Even Earth-observing mainstays like Landsat are at risk. Landsat 5 and Landsat 7 are both well beyond their nominal design life, regularly missing swaths of images during malfunctions. Scientists who rely on the crafts to study forests' contributions to the carbon cycle say a gap in land imagery is virtually assured because the next satellite in the series, the Landsat Data Continuity Mission, won't be launched before 2012. "We may lose one or both of these satellites before then," says Compton Tucker of the White House Climate Change Science Program (CCSP).

Another problem area is ocean color, a variable that scientists use to measure photosynthesis in the ocean--a giant and poorly understood contributor to the global carbon cycle. NASA's orbiting SeaWiFS sensor has been steadily recording data since 1997. But the instrument is 7 years beyond its design life, and the sensor meant to measure ocean color on the first NPOESS mission will likely be unable to provide sufficient data because of technical problems (Science, 15 February 2008, p. 886). That has spurred some managers to push for a "gap filler" mission sooner, says Tucker. But Freilich is hesitant to commit.

CCSP is leading an interagency effort to finalize a plan that would for the first time provide a set of government priorities for Earth observations, says Tucker. Scientists say that's the first step needed to fill the gaps.

In some cases, international partners might help, he says. Japan's recently launched Greenhouse Gases Observing Satellite, for example, detects CO2 starting at the ground level, like OCO. Although its resolution is lower, it well complements an existing NASA satellite that only picks up CO2 readings at an altitude of 5 km. "We're going to see what we can continue to do with our Japanese partners to fill the gap," says NASA's Stacey Boland.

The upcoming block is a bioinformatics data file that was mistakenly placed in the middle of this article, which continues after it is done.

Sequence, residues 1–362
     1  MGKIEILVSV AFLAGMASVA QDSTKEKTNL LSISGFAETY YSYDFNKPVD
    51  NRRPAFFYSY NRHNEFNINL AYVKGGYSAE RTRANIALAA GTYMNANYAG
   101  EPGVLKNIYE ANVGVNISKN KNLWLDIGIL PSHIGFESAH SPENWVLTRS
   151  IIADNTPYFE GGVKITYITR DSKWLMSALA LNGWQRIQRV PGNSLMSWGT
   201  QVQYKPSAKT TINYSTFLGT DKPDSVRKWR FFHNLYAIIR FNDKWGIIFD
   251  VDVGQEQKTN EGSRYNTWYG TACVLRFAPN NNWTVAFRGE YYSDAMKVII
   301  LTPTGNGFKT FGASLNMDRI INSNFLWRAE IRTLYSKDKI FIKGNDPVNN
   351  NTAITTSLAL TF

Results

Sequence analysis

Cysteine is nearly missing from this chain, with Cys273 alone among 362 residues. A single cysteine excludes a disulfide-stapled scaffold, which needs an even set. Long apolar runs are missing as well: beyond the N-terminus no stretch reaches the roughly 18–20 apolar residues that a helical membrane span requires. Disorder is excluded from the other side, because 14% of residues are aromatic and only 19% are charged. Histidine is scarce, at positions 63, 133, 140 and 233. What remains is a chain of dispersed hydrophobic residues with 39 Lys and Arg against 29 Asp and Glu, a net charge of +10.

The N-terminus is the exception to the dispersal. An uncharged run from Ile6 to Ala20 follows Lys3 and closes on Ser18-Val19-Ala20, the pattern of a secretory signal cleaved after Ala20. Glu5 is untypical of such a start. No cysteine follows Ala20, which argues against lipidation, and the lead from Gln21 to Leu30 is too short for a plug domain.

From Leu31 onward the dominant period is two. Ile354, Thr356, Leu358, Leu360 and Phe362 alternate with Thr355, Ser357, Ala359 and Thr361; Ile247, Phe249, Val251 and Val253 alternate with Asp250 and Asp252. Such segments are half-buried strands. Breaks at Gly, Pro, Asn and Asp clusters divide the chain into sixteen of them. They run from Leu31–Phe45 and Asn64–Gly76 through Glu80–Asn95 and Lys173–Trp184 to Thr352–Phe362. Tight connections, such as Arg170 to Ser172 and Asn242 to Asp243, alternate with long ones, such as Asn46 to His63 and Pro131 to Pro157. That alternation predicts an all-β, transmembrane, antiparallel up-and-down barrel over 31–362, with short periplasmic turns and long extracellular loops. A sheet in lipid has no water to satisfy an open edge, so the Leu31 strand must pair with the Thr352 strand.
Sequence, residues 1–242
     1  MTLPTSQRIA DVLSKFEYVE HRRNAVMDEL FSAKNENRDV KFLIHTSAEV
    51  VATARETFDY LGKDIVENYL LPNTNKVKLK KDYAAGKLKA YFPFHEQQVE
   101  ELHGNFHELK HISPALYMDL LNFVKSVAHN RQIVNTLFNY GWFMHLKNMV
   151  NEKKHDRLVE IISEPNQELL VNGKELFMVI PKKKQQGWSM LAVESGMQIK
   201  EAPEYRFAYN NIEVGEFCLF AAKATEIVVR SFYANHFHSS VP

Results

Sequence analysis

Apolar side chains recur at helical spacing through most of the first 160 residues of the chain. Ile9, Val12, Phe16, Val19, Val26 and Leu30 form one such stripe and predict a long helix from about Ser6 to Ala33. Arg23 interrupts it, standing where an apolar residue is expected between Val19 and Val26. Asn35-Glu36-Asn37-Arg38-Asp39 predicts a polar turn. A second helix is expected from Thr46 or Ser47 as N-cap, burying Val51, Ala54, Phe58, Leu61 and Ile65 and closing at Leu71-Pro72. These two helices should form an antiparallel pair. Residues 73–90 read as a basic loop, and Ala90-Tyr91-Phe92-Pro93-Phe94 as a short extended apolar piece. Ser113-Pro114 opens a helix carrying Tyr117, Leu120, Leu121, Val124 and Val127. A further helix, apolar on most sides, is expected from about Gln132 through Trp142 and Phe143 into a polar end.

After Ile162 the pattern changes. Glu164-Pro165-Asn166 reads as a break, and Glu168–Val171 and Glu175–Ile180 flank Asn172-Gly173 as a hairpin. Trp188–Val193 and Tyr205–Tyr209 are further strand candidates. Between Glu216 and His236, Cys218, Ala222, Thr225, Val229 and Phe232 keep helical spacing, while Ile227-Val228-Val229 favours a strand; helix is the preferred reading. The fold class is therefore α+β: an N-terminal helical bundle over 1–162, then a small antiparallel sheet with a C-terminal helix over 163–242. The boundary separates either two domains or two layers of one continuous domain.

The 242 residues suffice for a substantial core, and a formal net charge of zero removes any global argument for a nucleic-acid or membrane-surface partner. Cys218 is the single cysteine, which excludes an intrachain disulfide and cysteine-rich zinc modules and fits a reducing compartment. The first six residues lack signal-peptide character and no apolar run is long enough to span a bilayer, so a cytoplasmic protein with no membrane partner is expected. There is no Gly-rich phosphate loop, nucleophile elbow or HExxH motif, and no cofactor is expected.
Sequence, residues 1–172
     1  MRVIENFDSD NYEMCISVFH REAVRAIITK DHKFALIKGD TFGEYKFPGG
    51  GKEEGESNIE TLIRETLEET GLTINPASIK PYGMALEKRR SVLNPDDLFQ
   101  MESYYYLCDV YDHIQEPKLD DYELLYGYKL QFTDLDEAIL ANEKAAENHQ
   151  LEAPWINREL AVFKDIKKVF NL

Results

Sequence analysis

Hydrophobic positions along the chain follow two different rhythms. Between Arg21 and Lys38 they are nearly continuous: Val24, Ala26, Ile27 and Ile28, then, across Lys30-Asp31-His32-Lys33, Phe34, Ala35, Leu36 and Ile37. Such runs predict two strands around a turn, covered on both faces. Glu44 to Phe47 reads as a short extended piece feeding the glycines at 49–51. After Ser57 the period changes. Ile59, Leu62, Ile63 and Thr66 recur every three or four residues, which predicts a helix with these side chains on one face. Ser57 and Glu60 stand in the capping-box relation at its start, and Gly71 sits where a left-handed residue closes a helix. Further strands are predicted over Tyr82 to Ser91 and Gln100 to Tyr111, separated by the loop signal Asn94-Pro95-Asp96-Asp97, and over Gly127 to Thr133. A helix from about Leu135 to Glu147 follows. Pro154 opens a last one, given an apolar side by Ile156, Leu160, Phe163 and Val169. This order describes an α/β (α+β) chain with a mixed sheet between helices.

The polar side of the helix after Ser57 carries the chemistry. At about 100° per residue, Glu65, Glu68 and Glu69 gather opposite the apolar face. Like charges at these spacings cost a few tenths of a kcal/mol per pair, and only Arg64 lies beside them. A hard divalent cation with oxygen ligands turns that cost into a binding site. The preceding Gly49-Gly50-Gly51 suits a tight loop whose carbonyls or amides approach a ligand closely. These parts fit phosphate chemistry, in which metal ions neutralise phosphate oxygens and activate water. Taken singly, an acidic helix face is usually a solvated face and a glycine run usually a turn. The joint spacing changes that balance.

The effort to better coordinate climate-related monitoring will no doubt be strengthened by the NRC report released last week and presented on 26 February to presidential science adviser John Holdren. Holdren has extolled the virtues of "observation and scientific study of the condition of our home planet's land, vegetation, oceans, and atmosphere." Climate researchers are hoping those words, delivered at his confirmation hearing to be director of the White House Office of Science and Technology Policy, will soon translate into support for filling the holes in the nation's current Earth-monitoring system.

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With rising temperatures altering a variety of ecological and weather systems on Earth, the current patchwork of sensors can't answer all the questions that scientists are asking. Land-based sensors have provided a conclusive picture of rising CO2 levels